We are a friendly, contemporary architecture practice where sustainability is central to our design process. We love helping clients on the way to having a beautiful, practical, sustainable home, or fruitful development, which brings joy to everyday life.
Our approach reflects director George Morgan’s 15 years experience at leading design-led architectural practices, and our central ethos of sustainability. George is a Certified Passivhaus Designer, and our work also considers the embodied impacts of construction, transport and the social impact of design.
One Point Five Architecture has submitted a planning application to build a terrace of three new houses in a suburban infill site in Dartford, Kent. An easy walk to the town centre and train station, densifying suburban areas like these can help reduce car use and emissions associated with transport.
The houses are staggered to accommodate site geometry and create a threshold space at the front. This planted threshold space balances views out over the communal entrance area with privacy to the dining space and kitchen inside. Solar shading to this south elevation mediates preventing summer overheating with letting in the low winter sun deep into the plan.
The houses are to be built to the ultra-low energy Passivhaus methodology, using mostly bio-based materials in the construction.
One Point Five Architecture is proposing a development of three new homes in the back garden of a house on the edge of a village in Suffolk.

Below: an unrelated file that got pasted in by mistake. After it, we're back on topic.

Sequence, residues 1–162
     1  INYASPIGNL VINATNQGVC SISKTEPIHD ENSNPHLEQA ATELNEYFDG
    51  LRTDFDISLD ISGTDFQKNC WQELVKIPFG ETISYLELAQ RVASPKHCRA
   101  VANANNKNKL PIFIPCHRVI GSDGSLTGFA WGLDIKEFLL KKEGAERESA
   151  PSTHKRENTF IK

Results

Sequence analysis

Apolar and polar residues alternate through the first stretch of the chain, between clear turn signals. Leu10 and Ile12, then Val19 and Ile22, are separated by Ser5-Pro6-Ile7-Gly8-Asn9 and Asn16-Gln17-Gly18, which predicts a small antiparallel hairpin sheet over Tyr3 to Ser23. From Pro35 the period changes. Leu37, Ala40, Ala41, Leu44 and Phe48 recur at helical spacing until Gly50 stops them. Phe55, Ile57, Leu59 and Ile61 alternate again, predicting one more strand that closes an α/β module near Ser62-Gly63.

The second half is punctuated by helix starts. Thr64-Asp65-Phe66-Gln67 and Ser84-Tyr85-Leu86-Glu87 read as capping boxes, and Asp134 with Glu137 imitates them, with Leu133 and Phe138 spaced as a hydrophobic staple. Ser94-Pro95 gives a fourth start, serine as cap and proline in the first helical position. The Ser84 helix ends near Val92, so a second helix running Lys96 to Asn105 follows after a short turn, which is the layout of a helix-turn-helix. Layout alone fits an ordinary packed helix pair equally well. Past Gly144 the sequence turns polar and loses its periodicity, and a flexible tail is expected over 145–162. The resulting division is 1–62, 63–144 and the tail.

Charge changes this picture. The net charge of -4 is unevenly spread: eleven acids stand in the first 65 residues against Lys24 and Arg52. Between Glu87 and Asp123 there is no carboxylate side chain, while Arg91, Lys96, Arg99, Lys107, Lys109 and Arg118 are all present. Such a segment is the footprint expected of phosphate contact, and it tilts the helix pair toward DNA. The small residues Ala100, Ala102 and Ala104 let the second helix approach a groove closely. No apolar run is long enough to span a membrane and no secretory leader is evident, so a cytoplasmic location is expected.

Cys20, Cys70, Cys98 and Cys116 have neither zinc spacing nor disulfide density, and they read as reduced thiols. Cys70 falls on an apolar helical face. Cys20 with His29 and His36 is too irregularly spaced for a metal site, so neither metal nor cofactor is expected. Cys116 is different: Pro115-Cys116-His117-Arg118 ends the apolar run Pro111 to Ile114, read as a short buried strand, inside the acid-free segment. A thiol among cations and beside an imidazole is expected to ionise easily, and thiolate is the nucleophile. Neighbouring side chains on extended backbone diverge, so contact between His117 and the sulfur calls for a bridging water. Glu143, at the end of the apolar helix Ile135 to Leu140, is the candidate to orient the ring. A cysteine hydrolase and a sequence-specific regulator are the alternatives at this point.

The proposals reinterpret the traditional local vernacular as a way to achieve high-quality, low-impact new homes in an area of relatively low land values.
The steeply pitched gables of the half timbered houses in the area are expressed as a triangular form with a timber A-frame structure. The simplicity and economy of this system more than offsets the cost of achieving the Passivhaus standard. The A-frame structure facilitates screw pile cantilever foundations, removing the need for concrete, which reduces construction impacts.
The houses are arranged in a friendly layout, with the homes fanning out to optimise sunlight and privacy to the large living room windows and raised deck patios.
Our competition entry for an urban extension of Letchworth Garden City seeks to address climate and biodiversity breakdown, the housing crisis, social atomisation around two themes: Wild and City.
Half the site area is rewilded to reconnect residents to ecological processes and give children have exciting places to play.
The developed site area is densely built, like a mediaeval town. Cosy, neighbourly streets, and more open, civic squares are linked by a lively main street. This approach achieves three times more homes than the competition brief suggests.
Wild City prioritises walking, cycling and a new free bus route, with car use limited. This creates a safe, bustling, sociable urban environment, prioritising walking and socialising, with places to stop and chat.
Rather than the car-based suburbanism of so many contemporary new places, Wild City combines genuine nature with a real sense of urbanity, showing that more sustainable settlements can enrich our lives.